Netbooks, smartbooks, CULV laptops and other gadgets captured widespread attention last week at the Computex Taipei 2009 tradeshow.
The Computex Taipei 2009 electronics show ended on Saturday after a week-long display of new gadgets, including netbooks, ultra thin laptops made with new Intel chips and several surprises surrounding Google's Android mobile phone operating system.
The show's final numbers were down nearly across the board from last year, but not by much considering the global recession and fears surrounding the H1N1 swine flu.
An estimated 100,000 people visited Computex Taipei 2009 from around the world, down slightly from 106,517 last year, according to figures from the Taiwan External Trade Development Council (TAITRA).
The totals include 32,178 international buyers, down from 34,685 last year and 1,712 exhibitors, down compared to 1,750. The only figure that improved was the amount of booths rented, which rose to 4,498 this year, from around 4,000 last year.
The 2008 comparison figures were taken from last year's closing press release from Computex, important to note because show organisers did not offer the figures on the 2009 press release, instead saying most of the 2009 numbers were up between 1 percent and 5 percent over last year. A TAITRA official was unable to immediately explain the discrepancy in the figures.
Chinese companies at Computex's first ever China pavilion complained deal-making was slower than they had expected.
Chinese network equipment maker Shenzhen Yichen Technology Development found 30 percent to 40 percent more buyers at the show last year compared to this year, a representative manning the company's booth said on the last day of Computex.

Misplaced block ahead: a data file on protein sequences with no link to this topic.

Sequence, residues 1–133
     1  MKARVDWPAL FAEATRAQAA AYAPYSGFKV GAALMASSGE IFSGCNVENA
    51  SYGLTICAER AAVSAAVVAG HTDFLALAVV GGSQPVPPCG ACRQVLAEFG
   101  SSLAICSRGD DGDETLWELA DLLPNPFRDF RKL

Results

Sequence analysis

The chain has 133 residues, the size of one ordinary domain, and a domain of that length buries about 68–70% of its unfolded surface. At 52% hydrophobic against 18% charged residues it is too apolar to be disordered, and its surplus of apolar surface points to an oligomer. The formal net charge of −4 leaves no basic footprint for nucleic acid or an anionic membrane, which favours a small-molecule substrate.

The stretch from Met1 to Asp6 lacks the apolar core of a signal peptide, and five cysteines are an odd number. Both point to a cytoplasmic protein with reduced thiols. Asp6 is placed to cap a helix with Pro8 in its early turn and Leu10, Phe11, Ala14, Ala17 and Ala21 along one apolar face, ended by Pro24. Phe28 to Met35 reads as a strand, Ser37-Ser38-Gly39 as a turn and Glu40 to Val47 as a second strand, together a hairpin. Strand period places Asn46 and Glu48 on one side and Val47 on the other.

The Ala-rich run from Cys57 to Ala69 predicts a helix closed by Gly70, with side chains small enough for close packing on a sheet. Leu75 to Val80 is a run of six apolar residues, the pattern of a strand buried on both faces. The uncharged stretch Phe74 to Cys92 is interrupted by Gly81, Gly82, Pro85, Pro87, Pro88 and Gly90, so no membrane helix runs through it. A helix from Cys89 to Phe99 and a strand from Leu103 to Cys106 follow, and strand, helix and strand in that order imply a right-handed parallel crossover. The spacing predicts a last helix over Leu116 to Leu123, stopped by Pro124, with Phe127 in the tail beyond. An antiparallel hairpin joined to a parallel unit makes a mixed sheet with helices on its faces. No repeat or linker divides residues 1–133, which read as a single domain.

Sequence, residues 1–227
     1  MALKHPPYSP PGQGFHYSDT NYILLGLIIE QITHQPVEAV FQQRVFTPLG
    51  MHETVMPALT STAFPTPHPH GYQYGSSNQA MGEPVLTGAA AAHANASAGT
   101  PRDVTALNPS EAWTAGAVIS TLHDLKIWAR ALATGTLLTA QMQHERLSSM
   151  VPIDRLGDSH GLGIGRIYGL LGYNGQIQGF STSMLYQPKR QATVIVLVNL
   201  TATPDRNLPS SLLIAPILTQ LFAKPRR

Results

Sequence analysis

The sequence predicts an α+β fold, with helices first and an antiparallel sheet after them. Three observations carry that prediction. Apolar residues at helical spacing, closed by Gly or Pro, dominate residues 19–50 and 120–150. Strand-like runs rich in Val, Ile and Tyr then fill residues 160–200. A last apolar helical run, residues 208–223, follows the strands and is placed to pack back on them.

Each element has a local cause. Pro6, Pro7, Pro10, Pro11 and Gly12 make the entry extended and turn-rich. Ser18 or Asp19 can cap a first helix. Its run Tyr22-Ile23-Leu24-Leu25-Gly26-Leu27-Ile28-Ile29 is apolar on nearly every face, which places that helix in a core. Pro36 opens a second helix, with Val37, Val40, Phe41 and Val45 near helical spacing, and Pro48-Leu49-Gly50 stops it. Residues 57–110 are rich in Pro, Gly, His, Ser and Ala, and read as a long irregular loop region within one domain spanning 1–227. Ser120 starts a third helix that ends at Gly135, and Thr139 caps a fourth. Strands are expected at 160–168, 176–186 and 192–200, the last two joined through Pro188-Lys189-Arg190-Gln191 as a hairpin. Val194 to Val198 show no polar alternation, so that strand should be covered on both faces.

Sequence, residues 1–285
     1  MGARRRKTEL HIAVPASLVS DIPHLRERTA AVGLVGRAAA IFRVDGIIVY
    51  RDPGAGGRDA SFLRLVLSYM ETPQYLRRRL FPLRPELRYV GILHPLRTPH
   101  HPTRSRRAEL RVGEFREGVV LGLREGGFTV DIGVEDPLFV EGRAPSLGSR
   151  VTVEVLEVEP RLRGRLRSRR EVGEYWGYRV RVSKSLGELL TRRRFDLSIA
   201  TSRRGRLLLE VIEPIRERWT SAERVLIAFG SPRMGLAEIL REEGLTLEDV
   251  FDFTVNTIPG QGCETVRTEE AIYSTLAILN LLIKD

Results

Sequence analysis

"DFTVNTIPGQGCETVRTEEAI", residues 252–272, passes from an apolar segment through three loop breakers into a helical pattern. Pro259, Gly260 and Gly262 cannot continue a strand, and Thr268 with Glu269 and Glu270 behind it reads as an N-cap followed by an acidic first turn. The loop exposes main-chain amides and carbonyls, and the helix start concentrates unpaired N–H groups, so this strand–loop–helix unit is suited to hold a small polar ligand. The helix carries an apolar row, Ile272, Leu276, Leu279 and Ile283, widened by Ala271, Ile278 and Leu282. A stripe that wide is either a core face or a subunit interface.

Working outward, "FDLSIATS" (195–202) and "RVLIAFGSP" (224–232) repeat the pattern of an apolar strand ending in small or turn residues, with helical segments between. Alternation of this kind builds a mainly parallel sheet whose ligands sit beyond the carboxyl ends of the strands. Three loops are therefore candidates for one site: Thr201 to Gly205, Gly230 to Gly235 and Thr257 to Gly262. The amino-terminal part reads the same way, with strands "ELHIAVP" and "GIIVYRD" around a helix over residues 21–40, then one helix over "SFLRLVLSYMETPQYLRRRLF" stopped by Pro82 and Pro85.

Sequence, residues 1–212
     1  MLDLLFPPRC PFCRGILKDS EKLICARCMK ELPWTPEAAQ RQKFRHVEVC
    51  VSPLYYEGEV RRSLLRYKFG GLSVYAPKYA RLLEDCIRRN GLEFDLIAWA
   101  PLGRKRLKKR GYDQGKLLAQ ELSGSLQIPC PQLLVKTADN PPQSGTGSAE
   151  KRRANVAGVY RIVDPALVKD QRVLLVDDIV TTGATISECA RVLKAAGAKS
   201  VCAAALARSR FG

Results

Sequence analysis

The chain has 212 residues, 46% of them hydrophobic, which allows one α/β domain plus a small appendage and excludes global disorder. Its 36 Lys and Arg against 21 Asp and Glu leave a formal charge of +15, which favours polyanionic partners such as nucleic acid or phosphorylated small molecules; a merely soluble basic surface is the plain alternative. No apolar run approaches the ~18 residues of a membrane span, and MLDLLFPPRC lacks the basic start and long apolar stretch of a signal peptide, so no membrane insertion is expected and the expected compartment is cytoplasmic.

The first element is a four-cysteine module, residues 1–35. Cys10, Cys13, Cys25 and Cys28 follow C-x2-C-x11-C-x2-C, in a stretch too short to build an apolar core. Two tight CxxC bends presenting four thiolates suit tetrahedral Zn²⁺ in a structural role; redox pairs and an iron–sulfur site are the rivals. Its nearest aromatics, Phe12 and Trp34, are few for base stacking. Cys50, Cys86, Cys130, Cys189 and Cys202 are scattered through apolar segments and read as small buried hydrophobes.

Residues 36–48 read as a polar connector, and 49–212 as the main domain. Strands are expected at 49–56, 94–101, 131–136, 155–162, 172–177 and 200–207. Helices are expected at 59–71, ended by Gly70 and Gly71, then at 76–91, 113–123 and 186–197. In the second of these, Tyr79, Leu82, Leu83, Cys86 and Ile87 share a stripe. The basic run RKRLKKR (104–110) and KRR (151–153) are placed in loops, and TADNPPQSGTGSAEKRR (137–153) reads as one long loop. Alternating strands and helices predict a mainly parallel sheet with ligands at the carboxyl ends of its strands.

The representative blamed the economic downturn for what he said was a smaller turnout at the exhibition than last year.
The aisles of Chinese company booths were empty compared to other areas of the exhibition.
This was the first year Chinese companies were officially welcomed at Computex, though JCG was one of a group that attended last year by registering as Hong Kong-based companies. Political differences between Taiwan and China have kept the presence of Chinese firms to a minimum in the past, but growing bonds between people in both places has turned out to be a boon for business.
Over 130 Chinese companies had booths this year, according to TAITRA.
One first-time exhibitor, southern Chinese laptop vendor and designer Guangzhou Darling Industrial, also perceived a low turnout. The company did not secure the four to five business partners it expected to find, said a representative at the company's booth.
The company also hoped to form partnerships with companies from outside Taiwan, but Taiwanese businesses were the main attendees, she said.
The company has not decided if it will attend next year, she said.
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